The study began by chance when Atkinson and Moshe Baruch of Ajo-Franklin’s group at Berkeley Lawrence National Laboratory set up next to each other at a 2015 synthetic biology conference in Chicago with posters they quickly realized outlined different aspects of the same idea.
“We had posters because of our last names,” Atkinson said. “We spent most of the poster session chatting about each other’s projects and how there were clear synergies in our interests in interfacing cells with electrodes and electrons as an information carrier.”
“Josh’s poster had our first module: how to take chemical information and turn it into biochemical information,” Ajo-Franklin recalled. “Moshe had the third module: How to take biochemical information and turn it into an electrical signal.
“The catch was how to link these together,” she said. “The biochemical signals were a little different.”
“We said, ‘We need to get together and talk about this!” Silberg recalled. Within six months, the new collaborators won seed funding from the Office of Naval Research, followed by a grant, to develop the idea.
“Joff’s group brought in the protein engineering and half of the electron transfer pathway,” Ajo-Franklin said. “My group brought the other half of the electron transport pathway and some of the materials efforts.” The collaboration ultimately brought Ajo-Franklin herself to Rice in 2019 as a CPRIT Scholar.
“We have to give so much credit to Lin and Josh,” she said. “They never gave up on this project, and it was incredibly synergistic. They would bounce ideas back and forth and through that interchange solved a lot of problems.”
“Each of which another student could spend years on,” Silberg added.
“Both Josh and I spent several years of our Ph.Ds working on this, with the pressure of graduating and moving on to the next stage of our careers,” said Su, a visiting graduate student in Ajo-Franklin’s lab after graduating from Southeast University in China. “I had to extend my visa multiple times to stay and finish the research.”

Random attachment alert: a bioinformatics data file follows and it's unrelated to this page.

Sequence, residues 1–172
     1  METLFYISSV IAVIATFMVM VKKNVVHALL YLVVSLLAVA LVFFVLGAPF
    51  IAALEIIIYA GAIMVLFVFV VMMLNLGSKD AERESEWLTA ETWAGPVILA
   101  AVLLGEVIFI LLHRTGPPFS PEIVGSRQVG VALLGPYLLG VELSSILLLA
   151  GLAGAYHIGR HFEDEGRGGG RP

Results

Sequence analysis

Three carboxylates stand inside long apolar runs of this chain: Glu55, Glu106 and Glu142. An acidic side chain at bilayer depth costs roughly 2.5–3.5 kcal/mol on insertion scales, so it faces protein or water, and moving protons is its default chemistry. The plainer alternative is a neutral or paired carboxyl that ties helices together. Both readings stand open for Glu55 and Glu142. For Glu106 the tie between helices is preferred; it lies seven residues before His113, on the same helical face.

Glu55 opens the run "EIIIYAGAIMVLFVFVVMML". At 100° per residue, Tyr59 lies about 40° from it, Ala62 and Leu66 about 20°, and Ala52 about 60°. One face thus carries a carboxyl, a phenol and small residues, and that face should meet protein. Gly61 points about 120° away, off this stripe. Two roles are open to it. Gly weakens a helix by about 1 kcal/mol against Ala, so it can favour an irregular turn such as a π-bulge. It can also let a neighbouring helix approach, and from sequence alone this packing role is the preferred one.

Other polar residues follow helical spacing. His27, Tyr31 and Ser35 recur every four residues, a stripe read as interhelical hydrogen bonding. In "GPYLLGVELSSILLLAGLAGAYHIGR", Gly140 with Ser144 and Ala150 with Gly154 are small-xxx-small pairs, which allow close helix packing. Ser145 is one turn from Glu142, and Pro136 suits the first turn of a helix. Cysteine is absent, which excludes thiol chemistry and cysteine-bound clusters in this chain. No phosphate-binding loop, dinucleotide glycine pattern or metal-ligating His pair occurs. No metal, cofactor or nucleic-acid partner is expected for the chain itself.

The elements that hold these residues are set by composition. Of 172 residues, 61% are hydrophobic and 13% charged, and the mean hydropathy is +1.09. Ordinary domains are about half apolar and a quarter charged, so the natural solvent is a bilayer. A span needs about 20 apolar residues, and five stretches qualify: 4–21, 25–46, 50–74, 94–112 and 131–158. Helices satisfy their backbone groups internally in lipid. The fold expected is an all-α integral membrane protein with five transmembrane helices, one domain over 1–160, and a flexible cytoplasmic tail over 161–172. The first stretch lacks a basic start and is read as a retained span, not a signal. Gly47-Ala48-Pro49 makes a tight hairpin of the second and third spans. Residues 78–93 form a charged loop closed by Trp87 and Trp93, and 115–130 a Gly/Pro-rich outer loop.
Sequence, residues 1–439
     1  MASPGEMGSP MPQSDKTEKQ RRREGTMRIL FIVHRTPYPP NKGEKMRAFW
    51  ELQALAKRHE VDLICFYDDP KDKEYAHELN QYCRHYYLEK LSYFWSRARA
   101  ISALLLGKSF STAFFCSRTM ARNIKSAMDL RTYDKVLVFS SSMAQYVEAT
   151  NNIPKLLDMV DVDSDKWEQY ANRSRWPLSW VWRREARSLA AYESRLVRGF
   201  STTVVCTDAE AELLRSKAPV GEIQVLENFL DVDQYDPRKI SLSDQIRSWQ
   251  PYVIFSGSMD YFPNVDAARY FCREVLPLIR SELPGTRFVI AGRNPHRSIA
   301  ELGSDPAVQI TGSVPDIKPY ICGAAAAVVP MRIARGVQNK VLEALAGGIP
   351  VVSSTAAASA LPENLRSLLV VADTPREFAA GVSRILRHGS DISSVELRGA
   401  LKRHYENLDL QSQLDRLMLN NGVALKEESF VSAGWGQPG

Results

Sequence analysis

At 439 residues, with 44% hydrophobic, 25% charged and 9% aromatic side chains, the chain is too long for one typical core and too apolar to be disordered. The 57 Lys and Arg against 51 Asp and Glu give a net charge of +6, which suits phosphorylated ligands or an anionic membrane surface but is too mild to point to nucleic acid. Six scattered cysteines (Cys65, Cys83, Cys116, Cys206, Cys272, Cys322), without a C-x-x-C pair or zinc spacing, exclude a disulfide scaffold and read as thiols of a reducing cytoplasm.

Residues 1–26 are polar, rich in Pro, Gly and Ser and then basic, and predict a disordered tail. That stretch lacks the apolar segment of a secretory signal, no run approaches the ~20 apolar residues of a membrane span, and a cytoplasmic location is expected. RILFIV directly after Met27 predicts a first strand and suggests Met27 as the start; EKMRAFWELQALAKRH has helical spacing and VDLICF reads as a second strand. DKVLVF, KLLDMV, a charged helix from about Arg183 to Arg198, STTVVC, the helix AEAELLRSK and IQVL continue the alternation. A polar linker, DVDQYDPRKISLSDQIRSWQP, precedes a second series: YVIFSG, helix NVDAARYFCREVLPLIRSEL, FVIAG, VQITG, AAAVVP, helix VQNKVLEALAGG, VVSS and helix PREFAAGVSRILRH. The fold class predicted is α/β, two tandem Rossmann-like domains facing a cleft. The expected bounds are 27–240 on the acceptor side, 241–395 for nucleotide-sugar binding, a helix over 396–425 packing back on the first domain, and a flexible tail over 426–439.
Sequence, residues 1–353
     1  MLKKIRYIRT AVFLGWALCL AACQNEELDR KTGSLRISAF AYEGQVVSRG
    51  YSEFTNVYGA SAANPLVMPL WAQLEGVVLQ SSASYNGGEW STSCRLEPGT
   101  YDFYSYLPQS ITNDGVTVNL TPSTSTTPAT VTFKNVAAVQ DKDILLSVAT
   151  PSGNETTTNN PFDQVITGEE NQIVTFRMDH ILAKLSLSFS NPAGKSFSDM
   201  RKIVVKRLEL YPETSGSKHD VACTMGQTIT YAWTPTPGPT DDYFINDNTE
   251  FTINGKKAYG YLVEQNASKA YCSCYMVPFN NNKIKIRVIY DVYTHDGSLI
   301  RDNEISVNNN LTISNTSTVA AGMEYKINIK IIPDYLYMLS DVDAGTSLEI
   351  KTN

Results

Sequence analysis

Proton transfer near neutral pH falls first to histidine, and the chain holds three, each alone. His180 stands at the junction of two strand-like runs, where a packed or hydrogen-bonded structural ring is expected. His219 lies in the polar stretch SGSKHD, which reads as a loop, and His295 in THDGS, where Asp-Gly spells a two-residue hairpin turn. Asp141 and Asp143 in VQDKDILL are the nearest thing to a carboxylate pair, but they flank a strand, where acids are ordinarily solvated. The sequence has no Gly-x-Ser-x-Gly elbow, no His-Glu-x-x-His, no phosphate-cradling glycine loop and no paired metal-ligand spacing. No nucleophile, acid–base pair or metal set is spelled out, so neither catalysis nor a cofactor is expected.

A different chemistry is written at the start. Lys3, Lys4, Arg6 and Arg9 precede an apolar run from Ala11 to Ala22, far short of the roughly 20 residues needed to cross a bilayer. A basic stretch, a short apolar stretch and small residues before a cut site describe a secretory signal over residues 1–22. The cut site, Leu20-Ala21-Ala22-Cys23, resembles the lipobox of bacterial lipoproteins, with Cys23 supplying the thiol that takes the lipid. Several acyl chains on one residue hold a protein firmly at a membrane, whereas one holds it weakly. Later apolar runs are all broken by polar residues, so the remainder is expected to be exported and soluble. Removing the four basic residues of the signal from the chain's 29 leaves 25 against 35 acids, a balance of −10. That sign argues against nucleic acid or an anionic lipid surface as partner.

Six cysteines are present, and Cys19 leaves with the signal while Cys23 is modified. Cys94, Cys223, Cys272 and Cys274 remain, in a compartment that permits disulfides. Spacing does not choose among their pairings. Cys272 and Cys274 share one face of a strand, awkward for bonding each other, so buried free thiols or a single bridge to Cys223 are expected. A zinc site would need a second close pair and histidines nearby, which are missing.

Silberg said the design’s complexity goes far beyond the signaling pathway. “The chain has eight components that control electron flow, but there are other components that build the wires that go into the molecules,” he said. “There are dozen-and-a-half components with almost 30 metal or organic cofactors. This thing’s massive compared to something like our mitochondrial respiratory chains.”
All credited the invaluable assistance of co-author George Bennett, Rice’s E. Dell Butcher Professor Emeritus and a research professor in biosciences, in making the necessary connections.
Silberg said he sees engineered microbes performing many tasks in the future, from monitoring the gut microbiome to sensing contaminants like viruses, improving upon the successful strategy of testing wastewater plants for SARS-CoV-19 during the pandemic.
“Real-time monitoring becomes pretty important with those transient pulses,” he said. “And because we grow these sensors, they’re potentially pretty cheap to make.”
To that end, the team is collaborating with Rafael Verduzco, a Rice professor of chemical and biomolecular engineering and of materials science and nanoengineering who leads a recent $2 million National Science Foundation grant with Ajo-Franklin, Silberg, bioscientist Kirstin Matthews and civil and environmental engineer Lauren Stadler to develop real-time wastewater monitoring.
“The type of materials we can make with Raphael takes this to a whole new level,” Ajo-Franklin said.
Silberg said the Rice labs are working on design rules to develop a library of modular sensors. “I hope that when people read this, they recognize the opportunities,” he said.
Source: Rice University